In a study done in Kuala Lumpur in 2013, scientists showed that Lion’s Mane extract induced NGF synthesis and promoted neurite outgrowth.[ii]
Lion’s Mane is effective in reducing anxiety and depression
2. Some even call it the “smart mushroom” for its ability to improve cognition, memory and work as an anti-depressant.
A study by researchers in Japan worked with 30 women. The female subjects had been complaining about menopause, depression, sleep quality and other issues.
The women randomly received Lion’s Mane-laced cookies or a placebo for 4 weeks. The researchers found that Lion’s Mane “has the possibility to reduce depression and anxiety, and these results suggest a different mechanism from NGF-enhancing action of H. Erinaceus”. [iii]
How things go bad
Science once believed that the brain could not grow new brain cells. That once our brain developed during childhood, and we reached adulthood, we had all the brain cells we’d ever have.
Now we know that neurons can regenerate. But that doesn’t mean they will regenerate. A number of health issues can contribute to neurodegeneration.
↓ Decrease in Nerve Growth Factor = Decrease in Long-Term Potentiation affecting long-term memory[iv]
↓ Brain cells die and are not replaced
↓ Neuroplasticity declines resulting in poor memory
↓ Neurotransmitters decline resulting in anxiety, poor mood and depression
All of these age-related changes are contributing factors to neurodegenerative diseases like Alzheimer’s, Parkinson’s and others. And anxiety, depression and mood disorders that affect quality of life.
Lion’s Mane to the rescue
At least a dozen peer-reviewed studies have been published on Lion’s Mane benefits to brain health since 1991. Dr. Kawagishi of Japan was first to identify Nerve Growth Factor properties in Lion’s Mane Mushroom.[v]
In one double-blind, placebo-controlled trial, researchers in Japan worked with 50 – 80 year old men and women. All suffered from mild cognitive impairment.
The trial subjects received four 250 mg tablets containing 96% of Yamabushitake (Lion’s Mane) dry powder three times a day for 16 weeks. The men and women were tested at 4, 8, 12 and 16 weeks.
At each of the testing periods, the subjects who had used Lion’s Mane showed a significant improvement in cognitive scores. And their scores were increasing while on Lion’s Mane supplementation. But 4 weeks after stopping Lion’s mane supplementation, their cognitive scores decreased significantly.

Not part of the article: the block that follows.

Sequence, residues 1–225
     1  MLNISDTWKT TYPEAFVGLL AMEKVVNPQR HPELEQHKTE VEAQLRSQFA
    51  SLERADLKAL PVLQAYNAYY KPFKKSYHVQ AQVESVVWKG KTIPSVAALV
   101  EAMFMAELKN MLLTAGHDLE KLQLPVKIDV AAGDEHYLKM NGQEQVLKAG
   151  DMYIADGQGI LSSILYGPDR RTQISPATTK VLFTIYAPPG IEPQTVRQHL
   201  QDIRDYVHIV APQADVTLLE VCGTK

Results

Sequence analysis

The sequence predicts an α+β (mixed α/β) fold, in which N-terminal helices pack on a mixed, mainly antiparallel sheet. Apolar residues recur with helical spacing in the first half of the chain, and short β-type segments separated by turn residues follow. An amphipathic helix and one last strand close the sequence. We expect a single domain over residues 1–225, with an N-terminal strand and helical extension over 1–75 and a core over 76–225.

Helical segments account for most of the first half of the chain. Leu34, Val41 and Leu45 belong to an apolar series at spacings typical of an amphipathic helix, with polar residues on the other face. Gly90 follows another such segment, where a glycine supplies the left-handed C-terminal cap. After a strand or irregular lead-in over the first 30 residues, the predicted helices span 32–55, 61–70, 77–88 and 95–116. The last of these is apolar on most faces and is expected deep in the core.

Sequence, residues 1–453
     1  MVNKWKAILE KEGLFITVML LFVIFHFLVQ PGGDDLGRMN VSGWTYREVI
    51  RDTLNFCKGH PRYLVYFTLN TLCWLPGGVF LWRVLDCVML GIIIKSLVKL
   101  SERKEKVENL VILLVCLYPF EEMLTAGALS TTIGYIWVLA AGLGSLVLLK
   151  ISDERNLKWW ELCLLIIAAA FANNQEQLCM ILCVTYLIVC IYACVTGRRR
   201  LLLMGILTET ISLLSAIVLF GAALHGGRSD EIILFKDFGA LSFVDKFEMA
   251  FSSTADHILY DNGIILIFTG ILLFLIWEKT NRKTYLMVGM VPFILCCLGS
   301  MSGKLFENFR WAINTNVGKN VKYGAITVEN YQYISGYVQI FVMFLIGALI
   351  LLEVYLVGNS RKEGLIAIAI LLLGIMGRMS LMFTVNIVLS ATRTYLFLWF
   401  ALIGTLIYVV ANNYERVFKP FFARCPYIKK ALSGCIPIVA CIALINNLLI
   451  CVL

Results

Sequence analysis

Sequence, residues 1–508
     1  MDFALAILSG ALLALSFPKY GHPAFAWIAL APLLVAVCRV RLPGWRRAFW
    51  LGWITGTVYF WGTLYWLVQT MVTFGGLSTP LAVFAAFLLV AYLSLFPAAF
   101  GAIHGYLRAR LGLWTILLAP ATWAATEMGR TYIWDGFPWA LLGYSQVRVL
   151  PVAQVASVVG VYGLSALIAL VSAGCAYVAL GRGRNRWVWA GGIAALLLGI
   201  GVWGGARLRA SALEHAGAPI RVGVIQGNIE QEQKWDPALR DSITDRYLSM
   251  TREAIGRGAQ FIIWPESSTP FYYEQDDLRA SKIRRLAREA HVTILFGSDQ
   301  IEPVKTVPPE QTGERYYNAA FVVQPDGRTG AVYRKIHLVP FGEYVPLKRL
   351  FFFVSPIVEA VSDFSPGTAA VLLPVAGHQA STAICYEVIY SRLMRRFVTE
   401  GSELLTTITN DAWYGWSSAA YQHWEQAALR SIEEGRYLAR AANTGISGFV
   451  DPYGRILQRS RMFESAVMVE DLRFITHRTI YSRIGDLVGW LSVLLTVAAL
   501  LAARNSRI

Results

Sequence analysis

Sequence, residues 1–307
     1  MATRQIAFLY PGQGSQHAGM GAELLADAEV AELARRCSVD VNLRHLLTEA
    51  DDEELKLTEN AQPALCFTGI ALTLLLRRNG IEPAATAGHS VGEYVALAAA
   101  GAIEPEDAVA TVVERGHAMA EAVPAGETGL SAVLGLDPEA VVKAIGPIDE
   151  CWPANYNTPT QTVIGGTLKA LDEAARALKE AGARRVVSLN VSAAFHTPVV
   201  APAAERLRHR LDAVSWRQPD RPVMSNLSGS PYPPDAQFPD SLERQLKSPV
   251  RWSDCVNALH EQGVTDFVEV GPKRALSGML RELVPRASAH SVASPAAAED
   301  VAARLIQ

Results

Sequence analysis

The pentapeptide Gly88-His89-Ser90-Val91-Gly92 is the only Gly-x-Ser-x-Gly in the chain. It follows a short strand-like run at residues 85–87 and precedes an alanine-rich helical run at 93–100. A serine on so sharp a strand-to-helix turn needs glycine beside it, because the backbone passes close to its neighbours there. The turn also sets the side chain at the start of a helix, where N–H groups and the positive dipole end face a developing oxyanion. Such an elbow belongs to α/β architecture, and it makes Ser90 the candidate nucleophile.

The researchers concluded that Lion’s Mane Mushroom is effective in improving mild cognitive impairment.[vi]
How does Lion’s Mane feel?
You may not experience the effects of supplementing with Lion’s Mane Mushroom immediately. But many users report with continued use of Lion’s Mane, a boost in mood and mental energy.
Some report it increases depth perception. And improves sense of smell.
Others testify to improved decision-making, the ability to solve problems and learning. Likely due to Lion’s Mane ability to improve neuroplasticity.
The overall consensus is Lion’s Mane Mushroom’s ability to lessen anxiety, reduce depression, and improve focus.
Lion’s Mane Mushroom has been used as a food and herbal medicine since ancient times in East Asia. And it has been reported in scientific research that Lion’s Mane promotes Nerve Growth Factor both in the petri dish as well as in animal and human test subjects.
Lion’s Mane Prevents Cognitive Dysfunction
In this study, researchers examined the effects of Lion’s Mane on amyloid β(25-35) peptide-induced learning and memory deficits in mice. Amyloid β(25-35) peptide is implicated in diseases like Alzheimer’s.